10 photography things I wish I’d known 10 years ago

In Photo Basics by Rick McEvoy

In this article I want to reflect on 10 things that I wish I had know 10 years ago when I was at the beginning of my journey into professional photography.

I hope that some of these things will resonate with you and help you at whatever stage you are at in your own photography journeys. From absolute beginner to seasoned pro – we never stop learning and reflecting can be a healthy and positive thing to.

A bit about me

For those of you who do not know me, I am an architectural photographer based in England. I am completely self-taught and have recently achieved the designation of Associateship in the British Institute of Professional PhotographyABIPP.

Here are those ten things.

1 – It is not all about the gear

I have lost so much time on gear. Time and money. And where did it get me?

  • Lots of gear that I didn’t need.
  • Lots of time spent looking at gear reviews, different products, suppliers, alternatives.
  • Time wasted that could have been much better spent taking photos.
  • Gear that I did not learn to use properly.
  • Gear that I did not ever use.
  • And lots of money spent on gear.

10 years on

I use the following for 95% of my photography work.

  • Canon 6D
  • Canon 17-40mm lens
  • Canon 70-200mm lens
  • Manfrotto 190 Go tripod and X-Pro geared head.
  • Lee Big Stopper filter
  • And a few other accessories which all fit in my 20 litre Peak Design Everyday Backpack

I have back-up gear which I take on a shoot but thankfully seldom use.

It has taken me 10 years to get to the point where I use the least gear that I ever have, and it all fits into a nice small backpack that I take with me everywhere.

Talking of which I have a Canon 5D – a great camera 10 years ago, and guess what – still a great camera.
This photo is in my photography portfolio, taken with my Canon 5D.

I am not saying don’t buy gear – just but the gear you need and earn to use it. Don’t dwell on it or lust after other gear all the time.

A great camera now will still be a great camera in years to come.

I wrote more about this in my last article titled Full frame DSLR photography without breaking the bank – this is how I do it.

2 – Photography is about getting out there and taking photos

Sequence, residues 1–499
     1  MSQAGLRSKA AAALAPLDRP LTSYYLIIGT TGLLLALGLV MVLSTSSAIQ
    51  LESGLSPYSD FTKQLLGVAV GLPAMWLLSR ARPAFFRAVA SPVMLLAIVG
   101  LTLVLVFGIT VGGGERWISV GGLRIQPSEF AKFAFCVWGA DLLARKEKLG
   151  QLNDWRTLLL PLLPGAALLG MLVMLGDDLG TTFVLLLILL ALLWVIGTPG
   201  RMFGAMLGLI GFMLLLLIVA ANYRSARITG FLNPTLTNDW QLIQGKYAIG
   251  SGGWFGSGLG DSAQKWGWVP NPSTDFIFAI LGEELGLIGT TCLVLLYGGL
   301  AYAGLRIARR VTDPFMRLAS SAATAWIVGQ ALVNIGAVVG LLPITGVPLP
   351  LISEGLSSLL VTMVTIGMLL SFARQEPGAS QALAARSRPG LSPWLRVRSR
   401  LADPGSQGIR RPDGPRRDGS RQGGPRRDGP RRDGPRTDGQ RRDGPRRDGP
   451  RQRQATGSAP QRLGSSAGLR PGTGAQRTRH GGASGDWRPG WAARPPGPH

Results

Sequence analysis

Photography is not about reading reviews, blogs, forums, chasing likes on social media. Neither is it spending endless time in Lightroom and Photoshop perfecting that image with tweak after endless tweak.

Nor is it about trying all the latest and greatest software, gear or techniques.

It is about getting out there and taking photos.

Finding things to photograph, new angles, views, scenes and compositions. Trying new things and learning from what you have done.

Sure image processing is important, and is an integral part of modern day digital photography, but there is a point at which you need to learn to stop.

I now do less processing of images than I ever have – like with the gear the more I learn and the more experience I get the simpler things become.

If you take the end of point one this is relevant here – I have a small backpack with everything I need in it. It does not way me down, it is not a burden.

I used to pack everything into an enormous camera bag and struggle to shoulder it – it really was a barrier to getting out and enjoying taking photos. And 90% of the gear in my bag did not get used from shoot to shoot.

Get out there and take photos – this is the single best way to improve your photography, which I assume you want to do as you are on the Improve Photography website after all!!

Travel photography, Santroini, Greece by Rick McEvoy Photography

3 – The most important part of a photo is the composition

I will get this out of the way before I get a barrage of comments. An image needs to be correctly captured, focus and exposure are critical of course. But these are technical basics. Matters of fact.